1. I promise to take the phenomenon of female-heterosexual prostitution seriously, realizing that globally over 100-million persons are presently engaged in it;

2. I will read at least one book on female-hetrersexual prostitution in the next six months and I will view and analysis one film/video on this subject in the next six months;

3. I will initiate and maintain friendship with a woman or man engaged in female-heterosexual prostitution.


1. I plan to discuss the phenomenon of prostitution with my colleagues within the next six months;

2. I plan to develop a strategy to educate myself and others concerning female-heterosexual prostitution;

3. I will analyse the relevant implications of female-heterosexual prostitution and its impact on society locally and internationally.


1. I plan to do serious research on female-heterosexual prostitution, its development throughout the centuries, persons involved, reasons for its existence;

2. I plan to use more examples in my teaching and lecturing from the world of female- heterosexual prostitution;

3. I plan to be in contact with others who are knowledgeable of the phenomenon of female- heterosexual prostitution;


1. I plan to volunteer at an agency/ministerial site which works with persons in female- heterosexual prostitution;

2. I plan to introduce other persons into this often neglected ministerially neglected world of female-heterosexual prostitution;

3. I will examine my own attitudes and actions to eliminate any prostituting thoughts, words and behaviors I may have.

Partial Bibliography

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Bernardin, Cardinal Joseph, Consistent Ethic of Life, Sheed and Ward, Kansas Ciy MO, 1988.

Bullough, Vern, History of Prostitution, University Books, New York (Hyde Park), New York, 1964.

Bynum. Caroline Walker, The Resurrection of the Body, Columbia University Press NY, 1995.

Carnes, Patrick, Out of the Shadows: Understanding Sexual Addiction, CompCare Publishers, Minneapolis, MN 1983. Also available: sexual addiction facilities in the United States, and 12-step sexual addicts groups.

Chadwick, Henry, The Confessions of St. Augustine, Oxford University Press, 1992.

Demkovich, Michael, Christian Sexuality Today: Retrieving the Sacredness of Sex, Studies in Formative Spirituality 12 (1991), pp. 169-181.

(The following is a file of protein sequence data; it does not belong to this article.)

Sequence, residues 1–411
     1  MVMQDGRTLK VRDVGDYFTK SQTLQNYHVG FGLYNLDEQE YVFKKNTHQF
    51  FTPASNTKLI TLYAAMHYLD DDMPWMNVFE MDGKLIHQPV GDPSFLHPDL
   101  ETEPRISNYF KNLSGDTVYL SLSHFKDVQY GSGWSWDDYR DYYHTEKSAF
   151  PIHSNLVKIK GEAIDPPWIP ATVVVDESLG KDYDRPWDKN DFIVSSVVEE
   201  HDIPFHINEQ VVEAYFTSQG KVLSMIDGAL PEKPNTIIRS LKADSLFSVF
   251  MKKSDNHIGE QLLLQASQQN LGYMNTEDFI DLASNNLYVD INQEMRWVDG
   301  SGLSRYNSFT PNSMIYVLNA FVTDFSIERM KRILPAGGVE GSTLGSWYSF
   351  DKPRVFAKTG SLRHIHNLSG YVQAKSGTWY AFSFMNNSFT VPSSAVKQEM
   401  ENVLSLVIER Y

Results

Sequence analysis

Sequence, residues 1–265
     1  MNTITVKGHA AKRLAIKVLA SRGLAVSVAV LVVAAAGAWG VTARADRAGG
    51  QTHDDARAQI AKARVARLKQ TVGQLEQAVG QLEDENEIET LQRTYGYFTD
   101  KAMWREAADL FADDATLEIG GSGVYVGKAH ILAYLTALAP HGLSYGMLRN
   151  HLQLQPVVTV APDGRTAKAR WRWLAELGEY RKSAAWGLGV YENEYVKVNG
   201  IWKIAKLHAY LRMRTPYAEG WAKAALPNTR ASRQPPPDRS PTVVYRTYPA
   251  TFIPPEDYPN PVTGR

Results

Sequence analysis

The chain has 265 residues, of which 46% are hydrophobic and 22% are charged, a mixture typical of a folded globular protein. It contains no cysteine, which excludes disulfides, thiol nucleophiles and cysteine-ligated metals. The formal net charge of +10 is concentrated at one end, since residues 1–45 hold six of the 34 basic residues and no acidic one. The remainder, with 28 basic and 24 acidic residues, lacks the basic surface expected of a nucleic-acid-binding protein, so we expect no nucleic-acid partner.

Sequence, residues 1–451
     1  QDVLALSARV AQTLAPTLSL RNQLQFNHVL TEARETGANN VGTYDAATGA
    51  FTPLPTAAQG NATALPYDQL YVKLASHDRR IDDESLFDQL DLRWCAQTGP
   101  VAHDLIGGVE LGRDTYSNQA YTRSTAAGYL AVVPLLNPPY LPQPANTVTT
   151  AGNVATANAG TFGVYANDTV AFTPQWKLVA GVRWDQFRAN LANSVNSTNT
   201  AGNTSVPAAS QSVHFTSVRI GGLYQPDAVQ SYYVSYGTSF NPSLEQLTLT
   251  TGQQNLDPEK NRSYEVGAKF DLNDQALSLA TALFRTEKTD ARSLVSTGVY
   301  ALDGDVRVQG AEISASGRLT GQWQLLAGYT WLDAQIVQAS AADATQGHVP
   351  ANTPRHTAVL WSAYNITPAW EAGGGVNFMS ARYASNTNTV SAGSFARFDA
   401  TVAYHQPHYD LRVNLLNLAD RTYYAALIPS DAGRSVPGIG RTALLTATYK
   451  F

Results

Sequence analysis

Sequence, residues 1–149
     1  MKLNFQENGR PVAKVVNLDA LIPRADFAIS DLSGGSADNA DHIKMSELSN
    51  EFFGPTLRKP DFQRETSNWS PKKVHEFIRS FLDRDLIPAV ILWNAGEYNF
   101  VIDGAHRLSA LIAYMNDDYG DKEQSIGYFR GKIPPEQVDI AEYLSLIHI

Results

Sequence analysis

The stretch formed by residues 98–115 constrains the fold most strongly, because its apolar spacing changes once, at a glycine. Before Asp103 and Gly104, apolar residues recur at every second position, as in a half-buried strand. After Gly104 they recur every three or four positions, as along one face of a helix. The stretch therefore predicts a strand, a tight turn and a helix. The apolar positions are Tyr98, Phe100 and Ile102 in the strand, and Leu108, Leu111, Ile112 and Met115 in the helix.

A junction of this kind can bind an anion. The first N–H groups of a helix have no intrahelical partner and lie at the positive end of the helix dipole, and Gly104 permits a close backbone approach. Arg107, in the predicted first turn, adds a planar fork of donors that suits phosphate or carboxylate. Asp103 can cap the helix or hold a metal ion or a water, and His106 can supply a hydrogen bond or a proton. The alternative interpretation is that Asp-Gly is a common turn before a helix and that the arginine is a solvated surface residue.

Donnelly, Dr. Doris., Pilgrims and Tourists: Conflicting Metaphors for the Christian Journey to God, Spirituality Today, Vol. 44 #1, Spring 1992.

Ferder, Fran and Heagle, John, Your Sexual Self, Notre Dame, IN, Ave Maria Press, 1992.

Gateley, Edwina, I Hear a Seed Growing, Source Books, Inc., Trabuco CA, 1990.

Genesis House, 2815 West 5th ST, Chicago IL 60612 (773-533-8701). Materials on Genesis House Mission and Vision, programs.

Glick, Daryl, Recovering Morality: Personalism and the Theology of the Body of John Paul II, Faith and Reason 12 (1986), pp. 7-25.

Gudorf, Christine, Body, Sex, and Pleasure: Reconstructing Christian Sexual Ethics, 1994.

Guider, Margaret Eletta, OSF, Daughters of Rahab, Harvard Theological Studies #40.

James, Jennifer, The Politics of Prostitution, Seattle WA, 1977.

Kinsie, Paul and Winick, Charles, The Lively Commerce, Quadrangle Books, Inc., Chicago IL, 1971.

May, Wiiliam E., Sex, Marriage and Chastity "The Vatican Declaration on Sexual Ethics and the Moral Methodology of Vatican Council II". Linacre Quarterly 52 (1985), pp. 116- 129.

McCormick Richard, Sexuality, Health and Medicine in the Catholic Tradition (1984), pp. 86- 104.

Nadeau, Dr. Jean Guy, Pastoral Inculturation with Regard to Prostitution, Catholic Theological Society Convention, San Francisco CA, 1990.

Nelson, James, The Intimate Connection: Male Spirituality and Masculine Spirituality, Philadelphia, Westminster Press, 1988.

Pope John Paul II, "Human Love in the Divine Plan: The Theology of the Body" reader friendly version of original by Magr. Vincent Walsh, Key of David Pubolications, PO Box 153, Merion PA 19066. Phone: 610-896-1970. This book is based on the 129 Wednesday audiences Pope John Paul II gave on the Theology of the Human Body between October 1979 and November 1984.

"Pretty Woman" movie popular in 1990sq. A study guide by Depaul Genska, OFM, showing connections of the world of prostitution and the so-called straight world -- available from: Depaul Genska, OFM - 5401 South Cornell AV - Chicago IL 60615.

"Sex for Sale: An Alarming Boom in Prostitution Debases the Women and Children of the Third World", TIME magazine, June 21, 1993.

Thistlethwaite, Susan and Cairns, George , editors, Beyond Theological Tourism, Maryknoll NY Orbis Books, 1994.

Vacek, Edward, S.J., John Paul II and Cooperation with God, The Annual of the Society of Christian Ethics (1990), pp. 91-107.

Wadell, Paul, CP, Friendship and the Moral Life, Notre Dame University Press, 1989.

Whiteheads, Evelyn and James, A Sense of Sexuality: Christian Love and Intimacy, New York, Doubleday Publishers, 1988.

Wilson, Anne Wilson, Co-Dependency, Harper and Row, New York NY, 1989. , Escape from Intimacy, Harper and Row, New York NY, 1989. , Women's Reality, Harper and Row, New York NY, 1985.

Wojtyla, Karol (Pope John Paul II), The Acting Person, translated from the Polish by Andrzej Potocki, D. Reidel Publishers, 1979.